Euphemism and American Violence

The New York Review of Books, Vol. 55, No. 5, April 3, 2008

By David Bromwich

In Tacitus’ Agricola, a Caledonian rebel named Calgacus, addressing “a close-packed multitude” preparing to fight, declares that Rome has overrun so much of the world that “there are no more nations beyond us; nothing is there but waves and rocks, and the Romans, more deadly still than these— for in them is an arrogance which no submission or good behavior can escape.” Certain habits of speech, he adds, abet the ferocity and arrogance of the empire by infecting even the enemies of Rome with Roman self-deception:

A rich enemy excites their cupidity; a poor one, their lust for power. East and West alike have failed to satisfy them…. To robbery, butchery, and rapine, they give the lying name of “government”; they create a desolation and call it peace.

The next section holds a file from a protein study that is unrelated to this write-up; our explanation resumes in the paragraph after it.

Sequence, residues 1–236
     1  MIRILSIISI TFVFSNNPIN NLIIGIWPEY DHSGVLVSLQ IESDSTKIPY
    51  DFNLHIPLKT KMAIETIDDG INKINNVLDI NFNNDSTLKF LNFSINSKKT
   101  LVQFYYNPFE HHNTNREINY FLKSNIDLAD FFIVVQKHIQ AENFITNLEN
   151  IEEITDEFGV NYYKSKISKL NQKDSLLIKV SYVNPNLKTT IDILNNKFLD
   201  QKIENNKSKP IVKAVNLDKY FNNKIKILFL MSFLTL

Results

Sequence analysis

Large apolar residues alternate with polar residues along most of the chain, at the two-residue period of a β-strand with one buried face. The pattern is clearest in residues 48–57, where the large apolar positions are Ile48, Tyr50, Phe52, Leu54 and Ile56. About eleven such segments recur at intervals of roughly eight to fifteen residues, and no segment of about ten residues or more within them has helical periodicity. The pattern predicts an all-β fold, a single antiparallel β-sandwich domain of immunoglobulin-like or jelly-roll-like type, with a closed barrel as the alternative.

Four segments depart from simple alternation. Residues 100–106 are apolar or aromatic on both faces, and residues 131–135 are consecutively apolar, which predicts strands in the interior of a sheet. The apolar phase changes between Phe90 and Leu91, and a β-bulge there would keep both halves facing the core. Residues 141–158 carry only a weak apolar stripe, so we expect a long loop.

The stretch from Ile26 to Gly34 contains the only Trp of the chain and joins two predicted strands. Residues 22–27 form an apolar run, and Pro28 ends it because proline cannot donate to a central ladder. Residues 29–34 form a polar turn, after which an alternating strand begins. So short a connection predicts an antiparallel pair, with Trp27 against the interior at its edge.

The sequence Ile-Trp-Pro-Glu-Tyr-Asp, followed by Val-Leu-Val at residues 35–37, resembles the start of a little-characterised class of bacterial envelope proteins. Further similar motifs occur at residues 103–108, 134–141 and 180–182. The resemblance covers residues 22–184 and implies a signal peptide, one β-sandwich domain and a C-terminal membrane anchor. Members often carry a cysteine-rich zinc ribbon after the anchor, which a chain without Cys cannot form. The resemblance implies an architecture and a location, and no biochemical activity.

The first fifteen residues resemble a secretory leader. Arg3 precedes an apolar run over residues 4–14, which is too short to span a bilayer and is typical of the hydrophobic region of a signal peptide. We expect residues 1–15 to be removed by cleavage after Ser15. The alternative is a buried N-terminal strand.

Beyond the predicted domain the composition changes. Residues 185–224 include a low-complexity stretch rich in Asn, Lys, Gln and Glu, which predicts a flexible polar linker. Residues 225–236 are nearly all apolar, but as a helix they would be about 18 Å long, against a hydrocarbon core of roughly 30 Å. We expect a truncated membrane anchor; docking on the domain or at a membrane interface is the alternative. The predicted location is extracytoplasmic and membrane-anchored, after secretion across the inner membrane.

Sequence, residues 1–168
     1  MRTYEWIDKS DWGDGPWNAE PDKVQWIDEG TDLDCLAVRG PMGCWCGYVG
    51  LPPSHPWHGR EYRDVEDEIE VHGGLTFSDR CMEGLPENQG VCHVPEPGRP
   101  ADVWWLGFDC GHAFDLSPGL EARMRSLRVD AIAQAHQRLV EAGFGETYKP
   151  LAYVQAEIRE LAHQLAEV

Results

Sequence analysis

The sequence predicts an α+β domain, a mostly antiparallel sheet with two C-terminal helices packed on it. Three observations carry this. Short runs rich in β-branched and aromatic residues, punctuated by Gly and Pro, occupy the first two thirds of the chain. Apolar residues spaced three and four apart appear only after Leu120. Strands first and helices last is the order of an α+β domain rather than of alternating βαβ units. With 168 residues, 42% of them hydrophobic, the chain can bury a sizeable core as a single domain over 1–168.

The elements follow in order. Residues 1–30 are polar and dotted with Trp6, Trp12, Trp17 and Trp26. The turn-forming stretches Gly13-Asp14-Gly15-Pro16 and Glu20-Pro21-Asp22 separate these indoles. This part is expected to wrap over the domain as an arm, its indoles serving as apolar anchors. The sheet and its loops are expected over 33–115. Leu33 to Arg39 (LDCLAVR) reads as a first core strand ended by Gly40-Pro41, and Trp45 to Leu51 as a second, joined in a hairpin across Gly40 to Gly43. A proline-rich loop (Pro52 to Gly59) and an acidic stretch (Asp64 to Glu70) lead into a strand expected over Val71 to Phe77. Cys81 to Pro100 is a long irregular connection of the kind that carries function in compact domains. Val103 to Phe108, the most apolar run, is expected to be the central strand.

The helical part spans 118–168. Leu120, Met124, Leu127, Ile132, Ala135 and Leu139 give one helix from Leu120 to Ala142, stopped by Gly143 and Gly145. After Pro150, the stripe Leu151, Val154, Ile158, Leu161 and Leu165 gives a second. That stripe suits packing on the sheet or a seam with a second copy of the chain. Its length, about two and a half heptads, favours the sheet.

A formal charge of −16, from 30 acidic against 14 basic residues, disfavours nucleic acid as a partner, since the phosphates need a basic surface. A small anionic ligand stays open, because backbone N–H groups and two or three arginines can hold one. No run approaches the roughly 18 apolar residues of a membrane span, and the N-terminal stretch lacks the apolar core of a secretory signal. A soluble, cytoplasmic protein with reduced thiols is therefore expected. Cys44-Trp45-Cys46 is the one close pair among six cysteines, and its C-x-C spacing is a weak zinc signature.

The frightening thing about such acts of renaming or euphemism, Tacitus implies, is their power to efface the memory of actual cruelties. Behind the façade of a history falsified by language, the painful particulars of war are lost. Maybe the most disturbing implication of the famous sentence “They create a desolation and call it peace” is that apologists for violence, by means of euphemism, come to believe what they hear themselves say.

Continued . . .

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